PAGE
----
An organized activity sanctioned by upper management to obscure and withhold evidence? Evidence that could potentially tie the multiple deaths of individuals to the permissive knowledge that upper managers have?

Has GM ever heard of RICO?

Brooks County [Photos]

Brooks County 01

Brooks County 02

The plaque reads…

Brooks County. Formed from Hidalgo, Starr and Zapata counties. Created March 11, 1911. Organized September 2, 1911. Named in honor of JAMES ABIJAH BROOKS, Captain of Texas Rangers, 1882-1906, Member of Texas legislature, County Judge, Brooks County. Since 1911 Falfurrias, the county seat.

Where you can download Microsoft Office with an activation key card

Have you ever received in a bundled laptop package a piece of paper that says…

“DO NOT DISCARD – MICROSOFT PRODUCT IDENTIFIER. The manufacturer of your PC has licensed the Microsoft products listed in this document.”

…and a few paragraphs later…

“This card includes the ACTIVATION KEY for your MICROSOFT OFFICE product.”

It seems straightforward enough, right? There’s the serial number at the bottom (strategically covered by my “apparently plays in the dirt for a living” thumb), and a website link at the bottom to go download and register the software.


So here’s the happy happy joy joy part – the website listed on every one of these rat-bastard product cards say to go to microsoft.com/office

You go there, you swim in the abyss.

Microsoft.com/office takes you straight down into the “light don’t reach here” depths of Office sales, where you will be offered every iteration of Office 360, Office online, Office a-la-carte, Office with Cheese and dozens of other suites in every combination possible. Links to links to links to links, but nothing to take you to download your software or point you out of the maze.

Here’s what you need to do. If you have one of these activation cards for Office, go straight to Office’s other website…


Once you’re there (and it automatically redirects you to officesetup.getmicrosoftkey.com) just type in the product key on that piece of paper in the “Enter Your Product Key” box and press GET STARTED.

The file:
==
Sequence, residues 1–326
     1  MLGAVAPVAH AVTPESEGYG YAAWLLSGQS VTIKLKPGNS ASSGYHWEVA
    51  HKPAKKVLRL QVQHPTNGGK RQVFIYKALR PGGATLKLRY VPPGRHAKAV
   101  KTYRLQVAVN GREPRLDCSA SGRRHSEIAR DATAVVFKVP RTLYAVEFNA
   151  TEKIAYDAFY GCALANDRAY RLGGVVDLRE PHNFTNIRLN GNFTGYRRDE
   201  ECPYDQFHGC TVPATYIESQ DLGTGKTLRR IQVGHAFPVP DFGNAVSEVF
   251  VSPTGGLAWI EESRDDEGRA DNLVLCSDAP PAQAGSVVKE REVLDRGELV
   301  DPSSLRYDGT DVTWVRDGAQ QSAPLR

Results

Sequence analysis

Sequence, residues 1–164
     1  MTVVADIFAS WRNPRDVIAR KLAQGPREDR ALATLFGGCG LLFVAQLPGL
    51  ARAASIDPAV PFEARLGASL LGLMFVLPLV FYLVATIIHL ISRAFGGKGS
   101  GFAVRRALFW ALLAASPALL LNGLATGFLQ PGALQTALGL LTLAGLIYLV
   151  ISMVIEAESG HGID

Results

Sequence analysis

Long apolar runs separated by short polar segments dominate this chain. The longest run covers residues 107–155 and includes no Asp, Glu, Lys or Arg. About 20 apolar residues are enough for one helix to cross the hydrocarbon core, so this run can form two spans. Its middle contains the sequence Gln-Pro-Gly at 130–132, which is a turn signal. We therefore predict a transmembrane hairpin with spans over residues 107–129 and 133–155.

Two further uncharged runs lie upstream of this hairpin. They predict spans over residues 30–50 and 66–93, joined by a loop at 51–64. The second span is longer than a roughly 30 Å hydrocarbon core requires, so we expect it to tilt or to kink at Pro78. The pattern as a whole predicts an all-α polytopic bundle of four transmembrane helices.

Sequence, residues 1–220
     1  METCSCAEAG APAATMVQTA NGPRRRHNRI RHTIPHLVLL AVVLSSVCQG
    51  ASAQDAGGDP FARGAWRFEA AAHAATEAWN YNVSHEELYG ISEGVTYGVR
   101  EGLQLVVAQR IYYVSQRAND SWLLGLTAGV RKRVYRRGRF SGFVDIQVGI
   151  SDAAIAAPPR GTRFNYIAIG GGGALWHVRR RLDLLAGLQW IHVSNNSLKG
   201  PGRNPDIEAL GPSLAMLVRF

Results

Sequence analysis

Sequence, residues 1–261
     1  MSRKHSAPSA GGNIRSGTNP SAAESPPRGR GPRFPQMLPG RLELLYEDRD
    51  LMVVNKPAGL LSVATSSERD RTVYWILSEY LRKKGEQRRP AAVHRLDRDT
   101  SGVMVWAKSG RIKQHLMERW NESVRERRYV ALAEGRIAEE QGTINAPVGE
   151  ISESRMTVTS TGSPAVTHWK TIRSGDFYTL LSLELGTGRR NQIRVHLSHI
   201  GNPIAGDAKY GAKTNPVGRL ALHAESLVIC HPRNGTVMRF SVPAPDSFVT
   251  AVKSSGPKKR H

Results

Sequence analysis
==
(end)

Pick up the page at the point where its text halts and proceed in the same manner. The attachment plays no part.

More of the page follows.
That’s it.

You will then be prompted to download your Office Suite and tie it into one of your email accounts.

Just like that.

Who knew instructions on how to download and install your software should actually have a link so you can, oh I don’t know, ACTUALLY DOWNLOAD AND INSTALL YOUR SOFTWARE?!

Top 10 reasons why I still prefer print newspapers

Hello. My name is Royce Eddington, and I actually subscribe to print newspapers knowing full well there’s digital formats available for everything I’m reading.

Does this make me an evil forest killer? A heartless eco-monster? A knuckle-dragging throwback to days long gone?

Damn right.

Don’t get me wrong. I get the digital editions too, but I always start with the print edition. Here’s why…

  1. Ads mean something. An ad in the digital medium isn’t anywhere near as expensive as an ad in the print medium. So if someone takes out an ad in the print medium, it means something. Something important enough for someone to spend some serious MONEY on. Whether it’s a political statement, a fashion pitch, an obituary, or even congratulations for a job well done, I tend to find more meaning in newspaper ads than in some of the articles. For example, this last month there have been a flood of these ads… PAL photoPersonal Asset Loans? Well that’s a nice way of putting it. The thing is, this isn’t the only recurring ad with this kind of pitch. Not only is there now a market for the upper class to get “Personal Asset Loans”, but the newspapers now allow these ads because of the state of the economy.
  2. Prominent corrections and factual updates. In the digital editions, the mea culpas and the “oh, by the way, we should have mentioned…” parts are buried deep. The corrections and updates in the print editions? Always on page two and in the same font and point size as the print articles. Corrections can sometimes be just as important as the initial article. Take for example the corrections in the New York Times on March 17th … “While the safety agency (NHTSA) had received numerous complaints (for General Motors)… the NHTSA did not order the recall.” That one sentence alone puts a new light on GM’s motivations for the recall and also proves the NHTSA didn’t act on multiple consumer complaints in this particular instance.